Consumer staples stocks are a mixed bag.
That's what Bill Baruch, president and founder of Blue Line Capital, and John Petrides, portfolio manager at Tocqueville Asset Management, told CNBC's "Trading Nation" on Thursday after a pair of dueling analyst calls in the space.
Jefferies, the more bullish of the two, upgraded beverage conglomerate Keurig-Dr Pepper and added Procter & Gamble to its list of franchise picks, saying the two are riding long-term "mega-trends" in consumer behavior.
Bernstein analysts, however, got bearish on some of the pantry plays that outperformed at the start of the coronavirus pandemic, downgrading General Mills, Campbell Soup, Kellogg and J.M. Smucker to "underperform."
"You need to pick and choose your spots within the sector because you really have the perfect storm for consumer staples to rally," said Petrides, who works in his firm's wealth management division.
Even as economies reopen, many consumers still have few physical places to spend money other than the grocery store, Petrides said. That bodes well for staples companies, "which are inherently low-beta, less volatile, and in a low-interest-rate environment, they throw off good dividends," he said.
But with the group now trading at sky-high valuations, investors have to consider what could happen a year from now, when the companies will be under pressure to deliver comparable year-over-year earnings results, he warned.
"They're going to have ... very difficult comps to face year over year because right now, their margins are growing because they don't have the coupon," he said. "They don't have to take any discount to any of their products because where else are the consumers spending their money but at the grocery store? So, I think you have exposure to this space, but you have to pick and choose your spots."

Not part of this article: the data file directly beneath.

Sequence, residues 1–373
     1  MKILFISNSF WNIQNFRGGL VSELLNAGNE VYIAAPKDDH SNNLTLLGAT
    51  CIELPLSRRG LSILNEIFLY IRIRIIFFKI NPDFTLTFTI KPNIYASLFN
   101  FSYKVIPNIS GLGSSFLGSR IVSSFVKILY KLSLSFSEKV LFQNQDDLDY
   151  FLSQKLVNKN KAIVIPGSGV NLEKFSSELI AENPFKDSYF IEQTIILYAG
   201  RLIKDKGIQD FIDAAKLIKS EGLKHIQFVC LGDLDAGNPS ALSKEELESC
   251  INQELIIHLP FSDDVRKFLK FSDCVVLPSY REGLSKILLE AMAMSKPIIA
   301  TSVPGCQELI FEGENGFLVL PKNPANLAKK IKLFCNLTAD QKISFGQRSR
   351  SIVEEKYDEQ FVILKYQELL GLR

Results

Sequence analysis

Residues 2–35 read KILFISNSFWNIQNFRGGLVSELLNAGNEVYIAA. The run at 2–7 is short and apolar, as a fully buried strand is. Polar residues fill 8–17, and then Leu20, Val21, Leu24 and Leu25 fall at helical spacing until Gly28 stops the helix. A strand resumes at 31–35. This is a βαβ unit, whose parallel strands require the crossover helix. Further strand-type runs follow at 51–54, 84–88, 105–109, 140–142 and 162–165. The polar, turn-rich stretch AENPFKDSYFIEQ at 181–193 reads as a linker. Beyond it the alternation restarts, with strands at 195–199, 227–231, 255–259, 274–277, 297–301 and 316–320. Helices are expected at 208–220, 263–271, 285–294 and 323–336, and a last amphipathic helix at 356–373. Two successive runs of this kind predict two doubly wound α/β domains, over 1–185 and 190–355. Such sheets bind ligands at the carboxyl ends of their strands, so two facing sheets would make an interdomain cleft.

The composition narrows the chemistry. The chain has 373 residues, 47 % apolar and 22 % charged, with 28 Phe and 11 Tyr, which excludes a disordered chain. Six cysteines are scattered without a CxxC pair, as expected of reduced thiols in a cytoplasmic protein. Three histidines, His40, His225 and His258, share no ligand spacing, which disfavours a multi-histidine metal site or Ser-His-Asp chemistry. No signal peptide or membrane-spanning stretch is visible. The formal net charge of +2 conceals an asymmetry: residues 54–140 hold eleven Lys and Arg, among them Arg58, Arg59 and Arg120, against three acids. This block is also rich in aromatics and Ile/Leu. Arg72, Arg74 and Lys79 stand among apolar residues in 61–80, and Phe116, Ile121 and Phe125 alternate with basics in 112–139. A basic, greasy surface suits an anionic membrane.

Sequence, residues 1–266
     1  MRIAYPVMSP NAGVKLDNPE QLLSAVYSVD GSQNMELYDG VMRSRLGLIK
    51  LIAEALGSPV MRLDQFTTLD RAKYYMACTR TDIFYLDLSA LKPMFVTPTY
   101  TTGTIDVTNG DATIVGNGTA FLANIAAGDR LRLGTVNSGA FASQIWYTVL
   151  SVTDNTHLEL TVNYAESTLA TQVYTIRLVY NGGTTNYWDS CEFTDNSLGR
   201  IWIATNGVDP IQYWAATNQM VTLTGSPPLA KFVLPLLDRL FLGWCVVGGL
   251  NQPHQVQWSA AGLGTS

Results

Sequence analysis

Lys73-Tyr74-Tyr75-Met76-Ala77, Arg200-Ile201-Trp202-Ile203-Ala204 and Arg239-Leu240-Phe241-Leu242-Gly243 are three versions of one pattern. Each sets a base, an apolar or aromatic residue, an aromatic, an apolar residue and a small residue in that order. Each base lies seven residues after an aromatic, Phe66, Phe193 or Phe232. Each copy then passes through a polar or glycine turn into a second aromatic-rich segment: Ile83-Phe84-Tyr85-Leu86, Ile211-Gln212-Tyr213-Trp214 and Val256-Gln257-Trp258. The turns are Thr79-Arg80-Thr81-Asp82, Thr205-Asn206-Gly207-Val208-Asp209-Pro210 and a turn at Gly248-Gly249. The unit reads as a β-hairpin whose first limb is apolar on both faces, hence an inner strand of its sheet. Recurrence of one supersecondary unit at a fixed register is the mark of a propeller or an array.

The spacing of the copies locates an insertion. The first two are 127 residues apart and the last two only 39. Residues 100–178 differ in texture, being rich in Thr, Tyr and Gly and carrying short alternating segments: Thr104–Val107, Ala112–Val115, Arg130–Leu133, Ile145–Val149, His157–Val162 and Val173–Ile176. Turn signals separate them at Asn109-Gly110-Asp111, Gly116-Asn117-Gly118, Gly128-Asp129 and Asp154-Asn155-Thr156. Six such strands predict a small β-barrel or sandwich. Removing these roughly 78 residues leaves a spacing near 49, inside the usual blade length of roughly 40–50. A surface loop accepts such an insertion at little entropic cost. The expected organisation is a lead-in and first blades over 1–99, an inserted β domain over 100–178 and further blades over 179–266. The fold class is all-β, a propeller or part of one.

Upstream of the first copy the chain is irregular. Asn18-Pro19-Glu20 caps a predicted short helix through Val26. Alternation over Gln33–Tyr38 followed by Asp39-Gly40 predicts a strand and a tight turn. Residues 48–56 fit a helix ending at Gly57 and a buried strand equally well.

Baruch agreed about being selective, saying one of Bernstein's downgrades could have more potential than those analysts believed.
"You don't need to be overexposed in names like Campbell's [and] Kellogg," said Baruch, president and founder of Blue Line Futures. "However, I do like General Mills, and I think there's a ... great technical setup there."
Just this year, General Mills has managed to rally above its 2019 and 2018 highs, Baruch said, citing the above chart. Now, he said, it appears to be "setting its sights" on its 2016 high of $72.95 — that is, if it can stay above the $58 level.
General Mills shares closed 3.5% lower at $60.58 on Thursday.
"There's support there now at the 0.618 retracement, which is also a trend line of a floor from that 2018 high," he said, referring to the Fibonacci retracement levels drawn above in orange. "So, the longer we stay out above 58, ... I like being long. I think it can rally."